10 Responses to “Albert Pujols is a Bargain”
  1. Jim says:

    Are player contracts not indexed against inflation?

  2. Austin says:

    Jim, to my knowledge, that would be negotiated on a contract by contract basis. I’ve never heard of it being part of a contract, but I haven’t heard of many things!

  3. Good read. I have to disagree with your logic however. There is no mention of the revenue they stand to lose if he does not age well, and the play of the team slips. Will his contract become an albatross that will prevent them from making other moves that might otherwise make them better? I think someone like AROD is a good comparison about how deals like this aren’t always wise financially. It could pay off, but there is a very good chance that factors will come into play that will make it a disaster.

  4. Austin says:

    @Andrew Martin – Andrew, my point is that it doesn’t matter how he ages. The Angels will probably start making a profit off Pujols’ contract within three years, so if he has to be released in year nine or ten it won’t matter to the bookkeepers. Yes, there could be an injury disaster, but that is covered by insurance. Vernon Wells’ contract didn’t keep them from signing Pujols and Wilson, and the only “revenue they stand to lose” is off their profit margin from this contract; it’s not as if they’ll have less than when they started. For that matter, the Angels were not only paying Wells and Hunter in 2011, they were still paying Gary Mathews almost $11 million! What this move really shows is the unbelievable amount of money these teams make.

  5. Peter says:

    I agree Albert is a bargain. When looking at Albert’s contract you also have to discount the cost by what it would cost to fill other player(s) into his slot for the next 10 years. Given the significant risks of inflation coming out of this sustained recession the estimates to fill his slot with similar or oven lesser players could be quite high. All that being said any 10 year investment in a man or machine carries many risks.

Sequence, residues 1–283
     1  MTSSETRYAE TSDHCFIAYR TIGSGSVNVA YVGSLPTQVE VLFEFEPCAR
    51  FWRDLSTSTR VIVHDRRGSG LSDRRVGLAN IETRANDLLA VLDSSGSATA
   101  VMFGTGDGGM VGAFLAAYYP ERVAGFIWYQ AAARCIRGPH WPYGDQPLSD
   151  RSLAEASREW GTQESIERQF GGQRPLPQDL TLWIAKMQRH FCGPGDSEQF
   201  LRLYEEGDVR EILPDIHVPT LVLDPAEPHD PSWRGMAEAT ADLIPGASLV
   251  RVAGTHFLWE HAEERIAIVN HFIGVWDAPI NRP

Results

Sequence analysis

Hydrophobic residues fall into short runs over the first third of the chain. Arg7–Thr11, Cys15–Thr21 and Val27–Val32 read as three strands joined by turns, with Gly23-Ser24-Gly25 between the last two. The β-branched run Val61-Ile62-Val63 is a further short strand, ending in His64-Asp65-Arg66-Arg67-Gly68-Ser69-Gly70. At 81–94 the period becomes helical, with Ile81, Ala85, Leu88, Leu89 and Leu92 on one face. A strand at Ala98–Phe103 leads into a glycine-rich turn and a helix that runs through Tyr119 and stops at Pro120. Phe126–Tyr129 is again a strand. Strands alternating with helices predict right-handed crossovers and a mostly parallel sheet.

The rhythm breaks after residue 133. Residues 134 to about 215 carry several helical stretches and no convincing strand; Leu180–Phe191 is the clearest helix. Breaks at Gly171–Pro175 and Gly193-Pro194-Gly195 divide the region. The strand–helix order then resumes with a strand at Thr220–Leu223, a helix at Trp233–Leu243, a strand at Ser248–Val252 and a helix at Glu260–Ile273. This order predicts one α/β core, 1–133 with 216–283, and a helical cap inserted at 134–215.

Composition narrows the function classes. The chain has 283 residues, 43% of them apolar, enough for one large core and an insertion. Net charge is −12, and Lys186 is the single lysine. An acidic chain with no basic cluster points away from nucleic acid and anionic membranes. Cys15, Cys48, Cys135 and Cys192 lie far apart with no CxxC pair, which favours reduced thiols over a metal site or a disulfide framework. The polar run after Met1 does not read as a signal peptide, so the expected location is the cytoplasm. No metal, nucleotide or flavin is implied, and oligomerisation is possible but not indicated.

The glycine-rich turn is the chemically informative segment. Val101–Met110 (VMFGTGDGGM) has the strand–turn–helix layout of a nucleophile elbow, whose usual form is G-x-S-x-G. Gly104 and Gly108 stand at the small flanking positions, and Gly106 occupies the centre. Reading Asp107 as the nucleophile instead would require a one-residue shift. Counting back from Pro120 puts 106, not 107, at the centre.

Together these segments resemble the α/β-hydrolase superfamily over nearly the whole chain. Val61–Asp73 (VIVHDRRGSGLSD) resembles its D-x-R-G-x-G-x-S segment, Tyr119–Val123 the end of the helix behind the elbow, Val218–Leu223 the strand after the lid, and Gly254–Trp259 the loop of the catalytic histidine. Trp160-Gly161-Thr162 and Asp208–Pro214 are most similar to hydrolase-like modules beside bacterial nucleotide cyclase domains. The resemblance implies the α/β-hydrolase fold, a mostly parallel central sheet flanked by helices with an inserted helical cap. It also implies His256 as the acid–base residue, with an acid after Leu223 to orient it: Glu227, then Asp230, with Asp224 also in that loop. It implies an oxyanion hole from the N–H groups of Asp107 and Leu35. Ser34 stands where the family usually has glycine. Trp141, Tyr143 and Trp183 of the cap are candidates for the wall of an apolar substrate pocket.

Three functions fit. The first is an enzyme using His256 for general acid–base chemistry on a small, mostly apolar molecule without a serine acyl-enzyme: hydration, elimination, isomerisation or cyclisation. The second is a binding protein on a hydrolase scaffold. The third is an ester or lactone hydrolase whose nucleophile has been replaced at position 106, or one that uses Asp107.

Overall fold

6. I have to agree with Andrew Martin and there is a wonderful article by Tom Boswell today that expresses the concept masterfully. Pujols will continue to decline and five or six years from now will be the albatross that Martin predicts. In the intervening few years the Angels may well make the playoffs consistently behind Pujos and C.J. Wilson. I think the economic issue is the focus on short term benefits but with huge long term down side risk: the very emphasis that gave us our current economic mess.

  7. Austin says:

    @Ted Leavengood – Maybe for the Orioles or the Royals, Pujols’ contract would one day be an albatross, but it doesn’t appear that way for the Angels. If Gary Mathews wasn’t a hindrance to picking up Vernon Wells and his contract and in turn Wells wasn’t a hindrance to signing Pujols, then it doesn’t appear that Pujols will be a drag on Los Angeles’ roster, especially with their income increasing. As I understand it, they just tripled their local TV contract; they can afford mistakes just as the Yankees can. Mathews just came off their books and Wells will in 2(?) years. A mediocre, one-dimensional Pujols will likely be more valuable than those two and cost $6 million less.

  8. Preston Bucher says:

    Read this article….pretty cool.

  9. Excellent article, Preston (and not just because the author agrees with my point!)


Check out what others are saying about this post...
  1. […] the Los Angeles Angels got a bargain by signing Albert Pujols for $250 million over 10 years at Share this:TwitterFacebookLike this:LikeBe the first to like this […]

Speak Your Mind

Tell us what you're thinking...
and oh, if you want a pic to show with your comment, go get a gravatar!